Sunday, 29th. Not less than 14 days had our detachment been upon half allowance ere yesterday's division took place. That several of the men devoured the whole of their flour the last evening, determined (as they e~ pressed it) to have a full meal, letting the morrow look out for itself. The ground being overflowed with water before the little stream emptied into the Chaudiere, it was thought best by the majority to go to the southeast of the stream upon the higher land and so pass round the lake; however, there were three or four companies proceeded down the stream as far as they could, then leaving it to the southward, and taking the north-westerly shore round the lake. While Col. Greene and most of his officers including myself
took our course N. E. and by E. for the Chaudiere. Deluded by a pretended pilot, we found our error ere night closed upon us.

From the first appearance of daylight this morn we picked up our small affairs and beat a march. Not long had we marched this course before we came into a spruce and cedar swamp and arrived at a small pond at 1 l o'clock, through thc most execrable bogwire, impenetrable Pluxus of shrubs, imaginable. This pond we pursued till coming to an outlet rivulet, [which] we followed to a lake much larger than the first, and notwithstanding the most confident assertions of our pilot, we pursued this pond the most of the day, but no Chaudiere.... This day's march was computed at eighteen miles. Capt. Morgan's company, with seven batteaux, followed the 7 mile stream, with a purpose of passing the south lake, which they effected. These old woodsmen had resolutely persevered in carrying that number of boats over the mountains, with an intent to still preserve a certain quantity of the military stores, which by no other means could be conveyed any further than the Chaudiere.

Monday, 30th.... This was the third day we had been in search of the Chaudiere, who were only seven computed miles distant the 28th inst. Nor were we possessed of any certainty that our course would bring us either to the lake or river, not knowing the point it lay from where we started. However we came to a resolution to continue it. In this state of uncertainty we wandered through hideous swamps and mountainous precipices, with the conjoint addition of cold1 wet and hunger, not to mention our fatigue—with the terrible apprehension of famishing in this desert. The pretended pilot was not less frightened than many of the rest; added to that the severe execrations he received, from the front of the army to the rear, made his office not a little disagreeable.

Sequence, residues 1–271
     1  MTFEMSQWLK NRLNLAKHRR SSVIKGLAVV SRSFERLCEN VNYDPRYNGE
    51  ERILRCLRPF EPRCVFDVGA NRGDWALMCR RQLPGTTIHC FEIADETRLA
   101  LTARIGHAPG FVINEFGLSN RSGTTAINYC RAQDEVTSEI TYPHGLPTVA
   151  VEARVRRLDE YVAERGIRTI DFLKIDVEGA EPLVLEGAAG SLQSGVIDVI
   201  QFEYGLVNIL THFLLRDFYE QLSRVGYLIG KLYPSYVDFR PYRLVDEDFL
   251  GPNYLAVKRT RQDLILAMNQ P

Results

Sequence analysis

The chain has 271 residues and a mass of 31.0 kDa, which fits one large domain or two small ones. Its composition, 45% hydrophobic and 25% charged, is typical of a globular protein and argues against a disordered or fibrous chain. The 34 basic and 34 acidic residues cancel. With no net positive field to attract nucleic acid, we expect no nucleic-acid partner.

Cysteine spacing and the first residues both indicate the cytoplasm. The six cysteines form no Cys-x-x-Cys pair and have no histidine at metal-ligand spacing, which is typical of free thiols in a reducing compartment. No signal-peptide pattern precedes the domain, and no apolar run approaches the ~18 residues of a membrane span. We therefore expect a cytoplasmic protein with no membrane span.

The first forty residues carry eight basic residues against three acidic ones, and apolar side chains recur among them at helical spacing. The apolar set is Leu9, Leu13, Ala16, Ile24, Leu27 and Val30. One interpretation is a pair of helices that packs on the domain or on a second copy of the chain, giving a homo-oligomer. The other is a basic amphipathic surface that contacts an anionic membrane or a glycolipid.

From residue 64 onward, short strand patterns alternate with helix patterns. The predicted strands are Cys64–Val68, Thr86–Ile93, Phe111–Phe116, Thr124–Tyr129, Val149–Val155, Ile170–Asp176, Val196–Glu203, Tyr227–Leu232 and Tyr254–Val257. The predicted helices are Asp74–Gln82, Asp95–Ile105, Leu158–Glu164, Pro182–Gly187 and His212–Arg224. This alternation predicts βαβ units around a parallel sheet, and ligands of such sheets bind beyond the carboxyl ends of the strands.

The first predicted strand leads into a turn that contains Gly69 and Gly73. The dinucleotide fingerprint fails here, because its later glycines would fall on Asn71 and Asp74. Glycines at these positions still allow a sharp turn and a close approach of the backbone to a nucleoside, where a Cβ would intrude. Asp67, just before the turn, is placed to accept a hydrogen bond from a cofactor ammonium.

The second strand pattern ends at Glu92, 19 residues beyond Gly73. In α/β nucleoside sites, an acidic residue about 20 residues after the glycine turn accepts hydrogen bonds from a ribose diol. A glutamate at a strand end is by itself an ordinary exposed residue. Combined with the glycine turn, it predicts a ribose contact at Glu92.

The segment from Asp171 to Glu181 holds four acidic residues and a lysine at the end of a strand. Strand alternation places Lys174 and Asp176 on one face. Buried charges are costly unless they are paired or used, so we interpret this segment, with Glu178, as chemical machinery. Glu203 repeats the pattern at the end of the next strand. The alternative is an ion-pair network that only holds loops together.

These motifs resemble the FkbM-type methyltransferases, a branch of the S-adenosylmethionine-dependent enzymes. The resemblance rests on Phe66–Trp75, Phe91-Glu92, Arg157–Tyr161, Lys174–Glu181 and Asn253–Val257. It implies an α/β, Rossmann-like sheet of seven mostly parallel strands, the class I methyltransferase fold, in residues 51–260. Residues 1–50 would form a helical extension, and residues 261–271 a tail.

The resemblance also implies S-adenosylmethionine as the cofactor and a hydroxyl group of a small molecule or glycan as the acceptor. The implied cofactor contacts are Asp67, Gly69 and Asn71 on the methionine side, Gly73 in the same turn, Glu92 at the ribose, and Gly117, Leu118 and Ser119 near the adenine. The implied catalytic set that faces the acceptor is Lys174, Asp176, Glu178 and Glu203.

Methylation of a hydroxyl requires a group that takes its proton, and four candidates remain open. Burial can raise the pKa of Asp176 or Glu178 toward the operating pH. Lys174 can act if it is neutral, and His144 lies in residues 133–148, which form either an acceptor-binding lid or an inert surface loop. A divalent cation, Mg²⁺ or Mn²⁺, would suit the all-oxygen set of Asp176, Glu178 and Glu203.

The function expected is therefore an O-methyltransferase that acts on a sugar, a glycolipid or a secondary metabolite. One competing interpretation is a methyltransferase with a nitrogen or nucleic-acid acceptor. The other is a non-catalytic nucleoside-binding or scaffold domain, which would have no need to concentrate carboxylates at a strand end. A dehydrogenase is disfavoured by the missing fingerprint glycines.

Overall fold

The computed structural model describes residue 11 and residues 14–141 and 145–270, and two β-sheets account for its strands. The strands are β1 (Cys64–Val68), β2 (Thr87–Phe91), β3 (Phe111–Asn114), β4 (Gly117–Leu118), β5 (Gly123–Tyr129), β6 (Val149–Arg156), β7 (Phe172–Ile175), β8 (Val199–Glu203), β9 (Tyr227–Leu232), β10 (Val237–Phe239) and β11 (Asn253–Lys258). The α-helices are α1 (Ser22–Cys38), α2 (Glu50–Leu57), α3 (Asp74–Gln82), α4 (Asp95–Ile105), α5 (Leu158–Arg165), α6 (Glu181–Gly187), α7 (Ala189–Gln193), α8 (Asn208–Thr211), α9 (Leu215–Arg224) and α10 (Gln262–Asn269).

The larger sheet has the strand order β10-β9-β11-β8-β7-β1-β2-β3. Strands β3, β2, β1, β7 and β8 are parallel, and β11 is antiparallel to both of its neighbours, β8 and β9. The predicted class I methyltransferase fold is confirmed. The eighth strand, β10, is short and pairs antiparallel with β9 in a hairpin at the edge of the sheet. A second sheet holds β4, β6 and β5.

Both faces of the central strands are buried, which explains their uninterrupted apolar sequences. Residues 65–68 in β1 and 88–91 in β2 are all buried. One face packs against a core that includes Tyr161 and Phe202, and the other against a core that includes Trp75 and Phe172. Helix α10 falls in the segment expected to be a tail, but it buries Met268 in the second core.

Several of the men towards evening were ready to give up any thoughts of ever arriving at the desired haven. Hunger and fatigue had so much the ascendancy over many of the poor fellows, added to their despair of arrival, that some of them were left in the river, nor were heard of afterwards. In turn with Col. Greene, I carried the compass the greater part of this day. In this condition we proceeded with as little knowledge of where we were or where we should get to, as if we had been in the unknown interior of Africa, or the deserts of Arabia.

Just as the sun was departing, we brought a pond or lake, which finally ,proved to be Chaudiere, and soon the small footpath made by the other division of the army, whose choice turned to their account. Our arrival here was succeeded with three huzzas, and then came to our encampment.

Tuesday, 31. The appearance of daylight roused us as usual, and we had advanced with all possible speed till about 1 o'clock, ere we saw the Chaudicre River, which we last night imagined within a mile. Animated afresh with the sight of a stream, which we very well knew would conduct us into the inhabitants if our strength continued, we proceeded with renewed vigor.

The emptying of the Chaudiere is beautiful, and formed a very agreeable ascent, though the stream is somewhat rapid. The land was now much descending, yet very difficult traveling. The spruce, cedar and hemlock were
the chief growth of the earth, and these were in tolerable plenty, almost impenetrably so in many places.